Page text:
The Physicians Role in Recovery and Return to Work
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The Physician’s Role in Recovery and Return to Work IAIABC WOKERS’ COMPENSATION COLLEGE 2009 DR J.W. MELENCHUK, CHIEF MEDICAL OFFICER, SASKATCHEWAN WCB. Overview. ACOEM position 2008 MD role in RTW MD role in assessment, monitoring and diagnosis

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  • ACOEM position 2008

  • MD role in RTW

  • MD role in assessment, monitoring and diagnosis

  • Key messages from MD to IW during recovery and RTW

  • The 10% and Disability Management


  • The role of the personal physician is to diagnose, treat, and prevent illnesses and injuries, prevent additional injury, offer advice and support to the patient, and provide appropriate factual medical information to the patient, the employer, and the benefits payer.

  • Fulfilling these responsibilities requires that the personal physician understand the important role that work plays in allowing a patient to experience a fully satisfying life.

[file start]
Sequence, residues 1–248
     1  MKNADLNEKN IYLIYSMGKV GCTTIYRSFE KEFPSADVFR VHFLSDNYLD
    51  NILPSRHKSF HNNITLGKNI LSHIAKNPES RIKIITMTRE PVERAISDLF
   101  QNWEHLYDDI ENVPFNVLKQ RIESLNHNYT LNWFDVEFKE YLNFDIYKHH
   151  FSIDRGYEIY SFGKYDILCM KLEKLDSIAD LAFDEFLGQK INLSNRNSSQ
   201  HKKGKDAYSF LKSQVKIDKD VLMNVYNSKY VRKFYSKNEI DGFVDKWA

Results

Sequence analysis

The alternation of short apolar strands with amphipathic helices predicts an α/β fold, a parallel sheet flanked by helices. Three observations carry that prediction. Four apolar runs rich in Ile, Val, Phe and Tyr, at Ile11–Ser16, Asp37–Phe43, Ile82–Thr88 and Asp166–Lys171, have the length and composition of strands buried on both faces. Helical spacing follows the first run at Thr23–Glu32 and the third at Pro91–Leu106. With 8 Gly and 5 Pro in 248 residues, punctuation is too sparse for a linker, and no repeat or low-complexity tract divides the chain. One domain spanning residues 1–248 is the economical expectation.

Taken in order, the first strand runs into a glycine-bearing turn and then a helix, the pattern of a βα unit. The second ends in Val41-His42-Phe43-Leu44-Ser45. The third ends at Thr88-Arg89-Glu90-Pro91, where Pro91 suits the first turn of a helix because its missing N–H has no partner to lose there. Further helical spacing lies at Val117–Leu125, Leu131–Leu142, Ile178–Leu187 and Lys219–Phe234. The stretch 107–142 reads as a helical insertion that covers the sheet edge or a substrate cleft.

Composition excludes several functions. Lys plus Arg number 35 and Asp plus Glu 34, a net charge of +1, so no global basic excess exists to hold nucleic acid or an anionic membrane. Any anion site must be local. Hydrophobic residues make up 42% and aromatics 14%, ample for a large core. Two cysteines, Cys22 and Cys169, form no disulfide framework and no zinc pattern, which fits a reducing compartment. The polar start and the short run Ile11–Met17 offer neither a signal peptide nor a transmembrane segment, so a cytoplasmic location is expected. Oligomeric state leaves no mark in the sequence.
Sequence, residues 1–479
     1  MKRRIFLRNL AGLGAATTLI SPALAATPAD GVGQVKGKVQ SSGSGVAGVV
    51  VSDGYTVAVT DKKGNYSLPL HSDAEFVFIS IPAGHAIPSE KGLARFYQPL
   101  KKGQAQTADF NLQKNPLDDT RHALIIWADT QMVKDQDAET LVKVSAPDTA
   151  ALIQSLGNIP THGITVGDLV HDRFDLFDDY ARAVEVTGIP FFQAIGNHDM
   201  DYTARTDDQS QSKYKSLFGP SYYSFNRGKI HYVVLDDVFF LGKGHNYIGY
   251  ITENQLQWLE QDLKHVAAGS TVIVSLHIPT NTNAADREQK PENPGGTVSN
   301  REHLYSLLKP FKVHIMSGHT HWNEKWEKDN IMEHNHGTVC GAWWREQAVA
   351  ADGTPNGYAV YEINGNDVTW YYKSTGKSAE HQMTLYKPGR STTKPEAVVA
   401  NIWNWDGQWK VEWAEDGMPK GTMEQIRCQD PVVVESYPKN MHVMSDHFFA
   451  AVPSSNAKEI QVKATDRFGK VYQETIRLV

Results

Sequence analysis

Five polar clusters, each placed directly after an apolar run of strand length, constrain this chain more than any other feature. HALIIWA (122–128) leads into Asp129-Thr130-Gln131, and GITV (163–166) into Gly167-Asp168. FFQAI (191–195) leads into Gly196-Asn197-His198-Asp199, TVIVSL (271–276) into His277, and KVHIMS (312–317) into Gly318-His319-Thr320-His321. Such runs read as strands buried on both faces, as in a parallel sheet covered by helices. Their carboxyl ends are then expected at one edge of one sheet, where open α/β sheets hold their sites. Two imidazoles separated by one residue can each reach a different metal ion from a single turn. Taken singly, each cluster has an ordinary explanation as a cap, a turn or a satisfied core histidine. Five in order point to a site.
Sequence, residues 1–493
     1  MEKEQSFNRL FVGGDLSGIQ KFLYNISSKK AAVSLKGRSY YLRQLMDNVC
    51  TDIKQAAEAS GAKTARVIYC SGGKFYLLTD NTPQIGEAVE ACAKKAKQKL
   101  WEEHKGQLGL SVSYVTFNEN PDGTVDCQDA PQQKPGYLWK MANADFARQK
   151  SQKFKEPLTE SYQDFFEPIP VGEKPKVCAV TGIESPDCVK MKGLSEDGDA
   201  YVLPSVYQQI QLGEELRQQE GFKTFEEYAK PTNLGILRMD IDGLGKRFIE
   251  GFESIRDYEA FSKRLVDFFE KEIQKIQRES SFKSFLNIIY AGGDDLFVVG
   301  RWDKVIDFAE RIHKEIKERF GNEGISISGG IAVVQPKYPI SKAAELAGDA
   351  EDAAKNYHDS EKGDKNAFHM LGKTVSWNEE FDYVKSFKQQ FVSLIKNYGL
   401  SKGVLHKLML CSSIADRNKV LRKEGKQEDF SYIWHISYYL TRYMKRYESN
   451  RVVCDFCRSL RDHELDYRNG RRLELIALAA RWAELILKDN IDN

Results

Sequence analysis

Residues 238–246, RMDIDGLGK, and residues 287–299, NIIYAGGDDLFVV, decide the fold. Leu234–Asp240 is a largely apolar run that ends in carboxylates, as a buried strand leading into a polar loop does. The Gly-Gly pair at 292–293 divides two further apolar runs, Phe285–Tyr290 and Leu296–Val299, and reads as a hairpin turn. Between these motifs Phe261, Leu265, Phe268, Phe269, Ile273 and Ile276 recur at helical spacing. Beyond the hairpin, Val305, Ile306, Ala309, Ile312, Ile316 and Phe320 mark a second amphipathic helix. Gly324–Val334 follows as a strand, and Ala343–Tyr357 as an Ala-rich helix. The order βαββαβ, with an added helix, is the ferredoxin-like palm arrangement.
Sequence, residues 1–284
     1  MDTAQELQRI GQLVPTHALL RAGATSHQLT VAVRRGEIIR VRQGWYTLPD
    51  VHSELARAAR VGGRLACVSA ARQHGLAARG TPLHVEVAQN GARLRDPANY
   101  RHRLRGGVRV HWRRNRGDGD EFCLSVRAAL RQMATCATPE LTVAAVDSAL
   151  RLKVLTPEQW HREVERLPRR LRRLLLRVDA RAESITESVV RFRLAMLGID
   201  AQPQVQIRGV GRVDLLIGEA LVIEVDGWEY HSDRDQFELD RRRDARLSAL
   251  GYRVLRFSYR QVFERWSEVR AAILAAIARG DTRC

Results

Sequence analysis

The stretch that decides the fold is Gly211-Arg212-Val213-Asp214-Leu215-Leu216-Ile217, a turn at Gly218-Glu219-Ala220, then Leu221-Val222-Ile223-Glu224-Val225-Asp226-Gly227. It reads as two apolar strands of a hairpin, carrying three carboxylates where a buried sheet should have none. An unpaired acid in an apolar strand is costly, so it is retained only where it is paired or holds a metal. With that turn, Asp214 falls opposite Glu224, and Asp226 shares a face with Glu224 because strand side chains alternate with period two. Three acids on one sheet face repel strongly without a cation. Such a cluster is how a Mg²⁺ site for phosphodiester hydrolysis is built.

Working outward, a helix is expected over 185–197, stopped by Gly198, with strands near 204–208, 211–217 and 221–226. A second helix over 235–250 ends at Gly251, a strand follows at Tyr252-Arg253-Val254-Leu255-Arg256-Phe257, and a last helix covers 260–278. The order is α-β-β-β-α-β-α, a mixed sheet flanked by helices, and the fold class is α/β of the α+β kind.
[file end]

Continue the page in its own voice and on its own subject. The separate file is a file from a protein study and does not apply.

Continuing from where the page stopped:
ACOEM (contd)

  • The consensus document addresses the role of the personal physician in assisting the patient to minimize life and work disruption. This assistance entails keeping the patients daily routine as normal as possible, and for the employed patient, includes helping him or her stay at or return to work as soon as it is medically feasible and safe to do so. Remaining active and being productively engaged in life benefits both the patient and his or her family. It not only enhances recovery, but reduces personal, household, social, and economic problems, and also prevents needless work disability and job loss.

ACOEM (contd)

  • The personal physician should also be aware of the important contributions that can be made by other parties, especially those familiar with the patients work life, in the stay-at-work and return-to-work process, and should work cooperatively with these other parties to help the patient minimize the impact of health conditions and maintain the fullest possible participation in life. Whenever possible, all parties should endeavor to prevent needless work disability by helping the working patient stay employed.

ACOEM Recognizes That:

  • a fundamental purpose of medical care is to restore health, optimize functional capability, and minimize the destructive impact of injury or illness on the patients life;